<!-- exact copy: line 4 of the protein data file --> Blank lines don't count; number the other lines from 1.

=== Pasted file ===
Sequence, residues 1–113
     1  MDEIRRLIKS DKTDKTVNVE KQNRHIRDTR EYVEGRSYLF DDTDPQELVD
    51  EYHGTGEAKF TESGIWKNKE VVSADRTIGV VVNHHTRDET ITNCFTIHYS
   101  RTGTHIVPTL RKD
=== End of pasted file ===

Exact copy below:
   101  RTGTHIVPTL RKD